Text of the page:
The 70th World Health Assembly in Geneva just elected a new director-general of the World Health Organization (WHO) on Tuesday. But underfunded and over strapped, what does the road ahead look like for the WHO? To answer that question for us in today’s Humanosphere podcast, we caught up with Laurie Garrett, a senior fellow for global health at the Council on Foreign Relations.
A new headline-grabbing report shows that despite all of the aid money, remittances sent home from expats and loans sent to Africa, $40 billion more is actually leaving the continent in the form of debt payments, tax avoidance and resource extraction. But some question the figures, and argue that the report doesn’t tell the whole story.
Indigenous groups in Colombia this week suspended the process of prior consultation related to the implementation of the peace deal with the FARC, saying that the government has not shown a genuine desire to include them in matters related to ethnic development.
Recent attacks by Christian militias in Central African Republic’s border town of Bangassou have driven about 2,750 people into the Congo’s Bas-Uele, raising the risk that the Ebola outbreak could spread across the border, a WHO representative said. (TRF)
A legal battle over executive orders limiting the number of refugees resettled in the U.S. is not deterring the Trump administration. The number of refugees arriving in the U.S. has dramatically declined since October, according to a new Pew study.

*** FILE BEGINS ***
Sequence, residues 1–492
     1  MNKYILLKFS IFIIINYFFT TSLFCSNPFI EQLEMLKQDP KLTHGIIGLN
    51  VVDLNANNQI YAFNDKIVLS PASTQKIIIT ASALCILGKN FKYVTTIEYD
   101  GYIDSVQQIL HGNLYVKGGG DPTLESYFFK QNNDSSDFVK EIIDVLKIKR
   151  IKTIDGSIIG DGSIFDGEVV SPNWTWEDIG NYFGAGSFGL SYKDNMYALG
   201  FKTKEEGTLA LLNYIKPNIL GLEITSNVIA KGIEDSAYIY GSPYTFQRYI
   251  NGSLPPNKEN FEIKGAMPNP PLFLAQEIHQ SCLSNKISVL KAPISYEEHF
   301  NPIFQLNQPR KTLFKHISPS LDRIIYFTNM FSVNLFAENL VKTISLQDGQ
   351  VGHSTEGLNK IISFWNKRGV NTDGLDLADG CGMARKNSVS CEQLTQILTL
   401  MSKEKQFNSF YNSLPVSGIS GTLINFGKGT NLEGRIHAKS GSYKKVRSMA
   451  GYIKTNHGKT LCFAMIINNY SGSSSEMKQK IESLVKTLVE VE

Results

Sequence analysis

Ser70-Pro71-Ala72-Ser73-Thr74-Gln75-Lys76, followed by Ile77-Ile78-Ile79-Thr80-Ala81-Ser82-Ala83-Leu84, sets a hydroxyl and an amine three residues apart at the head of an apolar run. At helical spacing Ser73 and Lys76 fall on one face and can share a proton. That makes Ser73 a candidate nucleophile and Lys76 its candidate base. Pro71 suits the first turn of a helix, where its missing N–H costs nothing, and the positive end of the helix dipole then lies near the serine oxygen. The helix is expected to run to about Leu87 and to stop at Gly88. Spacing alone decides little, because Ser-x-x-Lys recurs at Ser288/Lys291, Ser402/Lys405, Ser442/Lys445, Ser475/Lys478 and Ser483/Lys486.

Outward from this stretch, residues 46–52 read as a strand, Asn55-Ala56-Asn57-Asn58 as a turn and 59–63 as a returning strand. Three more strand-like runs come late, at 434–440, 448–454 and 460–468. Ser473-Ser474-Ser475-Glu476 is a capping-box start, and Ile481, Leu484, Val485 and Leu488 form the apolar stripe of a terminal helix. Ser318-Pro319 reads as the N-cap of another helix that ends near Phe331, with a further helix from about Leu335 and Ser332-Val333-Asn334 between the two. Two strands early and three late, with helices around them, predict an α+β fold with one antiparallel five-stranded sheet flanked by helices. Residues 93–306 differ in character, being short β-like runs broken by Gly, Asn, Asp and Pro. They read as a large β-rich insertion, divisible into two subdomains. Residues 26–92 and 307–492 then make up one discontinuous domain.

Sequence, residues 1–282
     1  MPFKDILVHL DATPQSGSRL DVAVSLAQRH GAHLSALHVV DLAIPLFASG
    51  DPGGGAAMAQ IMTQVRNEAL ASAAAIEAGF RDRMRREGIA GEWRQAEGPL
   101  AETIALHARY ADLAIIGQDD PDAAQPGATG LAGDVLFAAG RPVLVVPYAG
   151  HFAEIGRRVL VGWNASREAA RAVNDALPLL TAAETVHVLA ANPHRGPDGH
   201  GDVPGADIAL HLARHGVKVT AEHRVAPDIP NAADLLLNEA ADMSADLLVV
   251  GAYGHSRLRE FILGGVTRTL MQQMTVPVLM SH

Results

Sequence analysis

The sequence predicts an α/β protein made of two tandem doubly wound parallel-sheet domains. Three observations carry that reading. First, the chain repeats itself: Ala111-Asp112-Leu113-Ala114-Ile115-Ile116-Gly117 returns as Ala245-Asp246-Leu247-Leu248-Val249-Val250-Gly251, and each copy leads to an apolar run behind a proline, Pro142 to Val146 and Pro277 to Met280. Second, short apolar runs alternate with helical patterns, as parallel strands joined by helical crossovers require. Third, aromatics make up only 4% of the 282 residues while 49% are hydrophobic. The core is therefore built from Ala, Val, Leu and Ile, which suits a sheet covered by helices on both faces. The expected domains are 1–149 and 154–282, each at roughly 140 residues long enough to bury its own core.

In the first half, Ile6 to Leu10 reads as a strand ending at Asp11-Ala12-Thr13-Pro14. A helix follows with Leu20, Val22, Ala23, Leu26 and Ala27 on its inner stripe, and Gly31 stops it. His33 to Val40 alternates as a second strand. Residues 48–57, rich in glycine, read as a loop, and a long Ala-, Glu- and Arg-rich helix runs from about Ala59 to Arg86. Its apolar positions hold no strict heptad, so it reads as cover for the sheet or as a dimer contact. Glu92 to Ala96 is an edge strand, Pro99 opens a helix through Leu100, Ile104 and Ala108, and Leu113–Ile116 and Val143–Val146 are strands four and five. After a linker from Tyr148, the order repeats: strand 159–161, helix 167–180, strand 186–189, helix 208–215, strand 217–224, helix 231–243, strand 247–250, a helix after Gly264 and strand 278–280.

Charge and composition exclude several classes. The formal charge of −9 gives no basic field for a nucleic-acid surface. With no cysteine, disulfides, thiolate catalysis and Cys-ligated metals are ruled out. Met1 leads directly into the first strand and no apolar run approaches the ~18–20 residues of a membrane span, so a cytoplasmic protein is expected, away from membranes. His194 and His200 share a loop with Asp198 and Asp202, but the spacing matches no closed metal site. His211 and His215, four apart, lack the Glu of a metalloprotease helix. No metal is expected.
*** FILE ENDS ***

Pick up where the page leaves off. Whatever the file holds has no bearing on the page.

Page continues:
India’s campaign to end open defecation has been widely celebrated by officials as an innovative and aggressive success. Even Bill Gates recently declared that the country is “winning its war on human waste” with a 360-degree video. But independent surveys and investigations have come to a vastly different conclusion – that victory, unfortunately, is not in sight.
Countries that have agreed to a U.N. convention against discrimination are failing to provide indigenous and rural women legal protections to own and manage property, according to a new report.
Taiwan’s top judges have ruled in favor of gay marriage, paving the way for it to become the first place in Asia to legalize same-sex unions. The highest court ruled that current laws preventing members of the same sex from marrying violated their right to equality and were unconstitutional. (BBC)
As the global economy stares down the barrel of rising inequality and increased automation, more countries are toying with the idea of a universal basic income. But a new report by the Organization for Economic Cooperation and Development (OECD) is less than enthusiastic, saying that without significant tax hikes, a basic income would do little to reduce poverty and even exacerbate it in some cases.
The world’s leading economies set to meet in Italy need to step up to avert famine in Nigeria, Yemen and Somalia, and address the existing famine in South Sudan, Oxfam officials said.
Rights experts called on governments to better support survivors of human trafficking in Latin America, a region with one of the world’s highest rates of the illicit practice.
The White House is proposing a State Department budget that would make deep cuts in long-term development aid, humanitarian food assistance and peacekeeping missions around the world. The detailed budget unveiled Tuesday also proposes eliminating all funding for climate-change programs and for two prominent institutions in Washington. (WaPo)
Leading humanitarian groups warn that the cholera outbreak gripping Yemen threatens to spread across the country, which is already struggling with famine and conflict.